Invista claims the fabrics offer greater stretch and flexibility

Invista claims the fabrics offer greater stretch and flexibility

A "transformative" patent-pending technology for knit denim fabrics that combine the comfort and flexibility of a knit with the authentic aesthetics and performance of a woven is being revealed this week by Invista, owner of the Lycra brand.

Fabrics using the new Lycra Hybrid technology are being showcased at the Kingpins Denim show in New York, which started yesterday (3 November).

“What distinguishes this technology from existing knit denim is that the Lycra Hybrid fabrics integrate a true denim look and feel with low growth, low shrinkage and multi-directional stretch,” says Jean Hegedus, Invista's global director for denim. “Additionally, the fabrics can be engineered for use in a range of different garment types, each serving different consumer needs.” 

The Lycra Hybrid fabrics have been segmented into three different categories with various performance levels. Level 1 offers everyday denim fabrics that meet Invista’s standards and can carry the Lycra brand; Level 2 are fabrics that meet Invista’s shaping technology standards and qualify for the Lycra Beauty brand; and Level 3 are fabrics that meet Invista’s athleisure standards and qualify for Lycra Sport branding.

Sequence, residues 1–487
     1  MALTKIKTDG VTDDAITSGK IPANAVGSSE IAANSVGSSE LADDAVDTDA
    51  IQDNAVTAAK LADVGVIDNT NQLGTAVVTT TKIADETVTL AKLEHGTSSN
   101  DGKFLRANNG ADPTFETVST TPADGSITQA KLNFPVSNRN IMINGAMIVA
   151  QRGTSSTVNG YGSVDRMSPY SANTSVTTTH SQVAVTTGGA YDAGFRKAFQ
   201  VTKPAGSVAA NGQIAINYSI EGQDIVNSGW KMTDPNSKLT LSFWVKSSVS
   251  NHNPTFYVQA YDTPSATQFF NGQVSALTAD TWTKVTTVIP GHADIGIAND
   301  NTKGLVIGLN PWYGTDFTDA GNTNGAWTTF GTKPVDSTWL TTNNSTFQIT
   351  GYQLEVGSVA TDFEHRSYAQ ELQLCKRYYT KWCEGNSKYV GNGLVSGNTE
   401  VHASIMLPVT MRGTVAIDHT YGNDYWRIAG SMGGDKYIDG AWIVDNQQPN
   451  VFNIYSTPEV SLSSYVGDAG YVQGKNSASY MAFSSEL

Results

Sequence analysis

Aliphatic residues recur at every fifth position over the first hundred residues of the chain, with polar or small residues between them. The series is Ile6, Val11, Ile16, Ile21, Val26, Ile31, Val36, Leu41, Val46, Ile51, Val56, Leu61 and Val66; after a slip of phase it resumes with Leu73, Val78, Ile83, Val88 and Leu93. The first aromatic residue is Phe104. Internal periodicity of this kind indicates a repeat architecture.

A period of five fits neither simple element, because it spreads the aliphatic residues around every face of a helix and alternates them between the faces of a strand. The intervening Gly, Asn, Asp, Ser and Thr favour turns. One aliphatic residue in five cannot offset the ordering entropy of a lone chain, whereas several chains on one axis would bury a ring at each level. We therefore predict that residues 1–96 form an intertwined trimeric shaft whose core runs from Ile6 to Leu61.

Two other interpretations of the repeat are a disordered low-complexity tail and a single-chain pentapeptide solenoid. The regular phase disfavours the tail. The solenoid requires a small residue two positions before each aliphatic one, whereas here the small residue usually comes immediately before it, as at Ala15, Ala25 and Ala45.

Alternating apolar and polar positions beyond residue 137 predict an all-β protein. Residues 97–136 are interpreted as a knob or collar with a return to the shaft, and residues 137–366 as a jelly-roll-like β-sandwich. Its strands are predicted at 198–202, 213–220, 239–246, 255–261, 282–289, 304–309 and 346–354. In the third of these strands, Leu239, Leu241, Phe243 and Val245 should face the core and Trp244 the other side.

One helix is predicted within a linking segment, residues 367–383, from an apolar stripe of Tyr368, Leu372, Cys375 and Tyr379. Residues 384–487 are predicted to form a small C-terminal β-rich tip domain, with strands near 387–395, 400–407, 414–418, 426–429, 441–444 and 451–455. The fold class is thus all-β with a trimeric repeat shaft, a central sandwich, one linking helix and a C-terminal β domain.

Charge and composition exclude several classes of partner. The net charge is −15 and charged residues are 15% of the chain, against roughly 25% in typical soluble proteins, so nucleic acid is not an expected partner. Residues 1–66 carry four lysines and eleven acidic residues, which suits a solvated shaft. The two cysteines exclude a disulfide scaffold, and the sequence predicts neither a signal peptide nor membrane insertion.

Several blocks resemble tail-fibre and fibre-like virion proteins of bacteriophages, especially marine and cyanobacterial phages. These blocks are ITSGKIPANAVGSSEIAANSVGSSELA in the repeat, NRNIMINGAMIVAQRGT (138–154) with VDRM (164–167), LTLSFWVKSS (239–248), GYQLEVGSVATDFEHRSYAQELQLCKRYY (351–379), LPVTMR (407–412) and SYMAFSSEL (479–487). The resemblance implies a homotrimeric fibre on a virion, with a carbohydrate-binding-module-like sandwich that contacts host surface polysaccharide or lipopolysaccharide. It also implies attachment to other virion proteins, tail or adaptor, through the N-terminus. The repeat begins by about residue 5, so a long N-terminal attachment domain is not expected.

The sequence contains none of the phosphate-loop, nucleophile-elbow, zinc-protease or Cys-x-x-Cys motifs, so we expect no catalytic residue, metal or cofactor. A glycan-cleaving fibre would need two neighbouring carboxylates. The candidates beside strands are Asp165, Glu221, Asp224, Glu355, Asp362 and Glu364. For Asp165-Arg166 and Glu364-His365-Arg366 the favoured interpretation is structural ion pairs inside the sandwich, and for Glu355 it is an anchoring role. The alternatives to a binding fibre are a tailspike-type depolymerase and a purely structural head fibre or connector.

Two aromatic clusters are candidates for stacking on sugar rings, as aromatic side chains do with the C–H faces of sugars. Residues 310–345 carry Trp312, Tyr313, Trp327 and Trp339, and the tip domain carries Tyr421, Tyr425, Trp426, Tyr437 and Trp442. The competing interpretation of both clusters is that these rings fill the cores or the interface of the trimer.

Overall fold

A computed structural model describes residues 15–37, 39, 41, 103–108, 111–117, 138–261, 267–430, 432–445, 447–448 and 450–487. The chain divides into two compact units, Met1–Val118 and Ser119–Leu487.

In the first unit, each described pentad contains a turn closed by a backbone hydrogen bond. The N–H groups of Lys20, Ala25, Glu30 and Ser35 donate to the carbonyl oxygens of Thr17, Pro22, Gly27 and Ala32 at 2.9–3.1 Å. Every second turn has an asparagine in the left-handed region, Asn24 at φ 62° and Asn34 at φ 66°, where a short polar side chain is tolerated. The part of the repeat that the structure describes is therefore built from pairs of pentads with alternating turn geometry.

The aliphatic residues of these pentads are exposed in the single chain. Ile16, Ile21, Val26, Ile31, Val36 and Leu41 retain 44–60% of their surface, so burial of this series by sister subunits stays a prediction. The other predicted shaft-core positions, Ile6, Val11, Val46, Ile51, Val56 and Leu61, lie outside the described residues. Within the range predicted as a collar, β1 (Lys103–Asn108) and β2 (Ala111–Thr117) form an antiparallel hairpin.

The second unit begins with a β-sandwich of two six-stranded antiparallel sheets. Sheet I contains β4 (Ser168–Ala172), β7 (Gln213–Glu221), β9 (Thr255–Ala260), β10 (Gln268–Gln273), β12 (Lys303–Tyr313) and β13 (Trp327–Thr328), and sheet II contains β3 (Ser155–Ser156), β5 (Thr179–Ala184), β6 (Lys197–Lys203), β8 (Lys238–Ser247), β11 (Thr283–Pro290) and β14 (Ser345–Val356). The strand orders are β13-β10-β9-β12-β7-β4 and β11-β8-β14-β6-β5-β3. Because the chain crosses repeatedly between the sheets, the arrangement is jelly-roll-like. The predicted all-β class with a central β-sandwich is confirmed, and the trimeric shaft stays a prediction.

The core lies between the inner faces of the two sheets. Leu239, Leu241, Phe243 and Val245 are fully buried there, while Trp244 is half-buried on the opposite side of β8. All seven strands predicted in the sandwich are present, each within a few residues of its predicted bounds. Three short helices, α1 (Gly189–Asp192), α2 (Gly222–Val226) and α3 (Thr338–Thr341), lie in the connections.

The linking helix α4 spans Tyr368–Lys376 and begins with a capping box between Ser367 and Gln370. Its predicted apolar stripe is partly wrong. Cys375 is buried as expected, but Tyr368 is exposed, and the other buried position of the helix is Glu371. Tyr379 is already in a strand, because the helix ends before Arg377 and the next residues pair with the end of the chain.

Introduced in woven denim last year, Lycra Beauty jeans help shape and sculpt a women’s body comfortably, while the Lycra Sport brand was previously used in activewear. Both are now being extended to knit denim and denim for use in athleisure apparel respectively. 

According to Invista, the fabrics employ a specific patent-pending construction to achieve the look and feel of traditional denim, but with greater stretch and flexibility. The company worked with several mills, including Advance Denim of China, Knitdigo of Taiwan, Santanderina of Spain, and Willy Hermann of Austria. 

“We have been able to achieve fabrics with over 100% stretch in one direction and more than 50% in the other, with less than 5% growth,” said Tianyi Liao, research fellow at Invista and inventor of the technology.